No one ever plans for their own divorce. There is rarely any advance financial planning that people do for divorce. Often times, even when people are contemplating divorce, the last thing they are thinking about is how to financially prepare for divorce. But divorce does occur. In fact, it occurs in half of all marriages and even more with common law spouses. So if divorce and separation are so common, why is it that so few people are financially prepared for it?
It is because divorce is a trauma that most people ignore, avoid or run away from. Strangely, people will prepare for other calamities such as death, illness or bankruptcy, but yet will not prepare for divorce.
So for those people that are in fact contemplating divorce, being astute financially prepares them for this event.
Here are 5 tips to manage your finances during divorce.
TIP 1: Consider the best time to divorce. The worst time to divorce is when your spouse’s income is the lowest, your spouse’s assets are the lowest and your spouse’s debts are the greatest. Likewise, the worst time to divorce is when your income is the highest, your assets are the highest and your debts are the lowest. The converse also applies. It is critical that you understand how the laws of spousal support, child support and property division operate to best understand how your income, assets and debts will affect your divorce settlement
TIP 2: Divorce settlements are built on evidence and not on conjecture. So collect the evidence. Collect as much financial information as possible including tax returns, notices of assessment, bank statements, investment statements, credit card statements, RSP statements and RESP statements. One of the hottest topics of debate in divorce is the effect of cash income on support. Many people run businesses that result in cash income. This affects both support payments and property division. The person that is earning the cash may deny that income or cash savings to avoid or lower the support obligation. It is for that reason that evidence of cash income will become critical. So collect the evidence.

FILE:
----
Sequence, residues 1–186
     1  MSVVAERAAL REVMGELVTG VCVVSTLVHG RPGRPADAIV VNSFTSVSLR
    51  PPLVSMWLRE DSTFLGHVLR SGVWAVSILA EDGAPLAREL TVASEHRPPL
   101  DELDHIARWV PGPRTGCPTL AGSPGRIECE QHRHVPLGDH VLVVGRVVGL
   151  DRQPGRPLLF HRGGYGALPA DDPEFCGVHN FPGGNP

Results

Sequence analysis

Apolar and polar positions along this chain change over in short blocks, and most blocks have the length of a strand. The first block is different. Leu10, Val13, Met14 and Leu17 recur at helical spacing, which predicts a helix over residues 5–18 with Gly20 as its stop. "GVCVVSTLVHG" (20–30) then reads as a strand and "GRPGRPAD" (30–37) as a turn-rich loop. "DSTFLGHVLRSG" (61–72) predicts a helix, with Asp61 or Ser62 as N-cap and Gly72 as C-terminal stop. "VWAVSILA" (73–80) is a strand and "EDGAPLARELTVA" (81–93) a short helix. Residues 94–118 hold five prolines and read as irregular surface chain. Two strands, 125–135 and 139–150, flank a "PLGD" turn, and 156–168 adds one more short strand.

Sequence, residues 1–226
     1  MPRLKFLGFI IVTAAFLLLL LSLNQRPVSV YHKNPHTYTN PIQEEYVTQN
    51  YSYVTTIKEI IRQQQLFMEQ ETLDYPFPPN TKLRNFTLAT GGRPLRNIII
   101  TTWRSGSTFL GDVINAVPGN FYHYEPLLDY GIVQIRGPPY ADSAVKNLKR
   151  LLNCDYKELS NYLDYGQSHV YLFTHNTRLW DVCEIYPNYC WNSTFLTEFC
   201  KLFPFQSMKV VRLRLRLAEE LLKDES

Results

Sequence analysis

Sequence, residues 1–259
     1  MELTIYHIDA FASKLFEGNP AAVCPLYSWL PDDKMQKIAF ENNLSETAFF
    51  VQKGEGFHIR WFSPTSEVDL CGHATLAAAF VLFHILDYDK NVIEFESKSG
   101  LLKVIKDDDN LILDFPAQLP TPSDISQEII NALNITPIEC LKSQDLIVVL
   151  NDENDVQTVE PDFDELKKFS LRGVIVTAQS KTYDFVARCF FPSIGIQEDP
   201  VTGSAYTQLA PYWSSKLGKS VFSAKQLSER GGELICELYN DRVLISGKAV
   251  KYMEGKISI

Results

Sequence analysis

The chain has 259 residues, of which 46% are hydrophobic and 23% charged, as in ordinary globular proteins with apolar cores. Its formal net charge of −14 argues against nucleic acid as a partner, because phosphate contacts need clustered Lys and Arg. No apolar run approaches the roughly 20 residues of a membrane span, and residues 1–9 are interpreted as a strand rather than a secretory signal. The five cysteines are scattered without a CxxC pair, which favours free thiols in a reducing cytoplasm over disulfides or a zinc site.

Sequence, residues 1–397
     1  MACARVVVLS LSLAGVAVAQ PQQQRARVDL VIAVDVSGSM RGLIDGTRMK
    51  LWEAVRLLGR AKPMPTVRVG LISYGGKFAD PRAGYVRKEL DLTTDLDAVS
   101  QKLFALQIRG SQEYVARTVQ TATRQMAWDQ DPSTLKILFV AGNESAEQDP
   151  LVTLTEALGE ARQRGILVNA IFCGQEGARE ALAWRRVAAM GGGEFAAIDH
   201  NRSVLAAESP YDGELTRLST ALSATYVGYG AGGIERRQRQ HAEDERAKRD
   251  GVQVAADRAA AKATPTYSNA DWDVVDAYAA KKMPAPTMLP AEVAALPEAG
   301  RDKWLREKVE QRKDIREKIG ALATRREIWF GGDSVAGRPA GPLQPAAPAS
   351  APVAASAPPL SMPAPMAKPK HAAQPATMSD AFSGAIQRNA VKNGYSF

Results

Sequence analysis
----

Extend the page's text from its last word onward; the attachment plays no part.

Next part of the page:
TIP 3: Make a budget. Consider your previous lifestyle and spending pattern. Collect evidence of your income and your spouse’s income. Collect evidence of all of the financial resources you have including savings and investments. Create a realistic budget for yourself after divorce. Identify expenses that can be eliminated or reduced. Do not live beyond your means using loans or credit cards to finance your spending.
TIP 4: Work with a financial advisor to ascertain how much income and assets you need to survive and maintain the same standard of living. If expenses need to be reduced, sort out which ones can be deferred or eliminated. Consider the tax implications of divorce such as the sale of assets or withdrawal from RRSP’s. Consider what means are available to you to increase your employment income or passive income such as through rental of part of your home, investing better or liquidating assets that are not producing results.
TIP 5: Get legal advice from a family law expert on what your financial position will be after a divorce settlement. Your lawyer will be able to extrapolate figures of child support, spousal support and property division. Get advice on what the duration will be for support. Understand the taxation of the differing payments such as lump-sum spousal support versus monthly spousal support. Ask all the necessary questions regarding the final settlement. Invite your financial advisor and family to these meetings to ensure that all questions are asked and answered.
Although no one prepares for the financial outcome of divorce, before divorce is contemplated, there are some very smart steps you can take, and smart people you can consult, to avoid financial stress. Your financial landscape will change following divorce. But these tips will help guide you in planning and managing your finances successfully through this period.
To book your Divorce Strategy Session, click the link below. In your 30 minute Divorce Strategy Session, I’ll address your key concerns and guide your through the next steps of your divorce. One question at a time.Share this article on: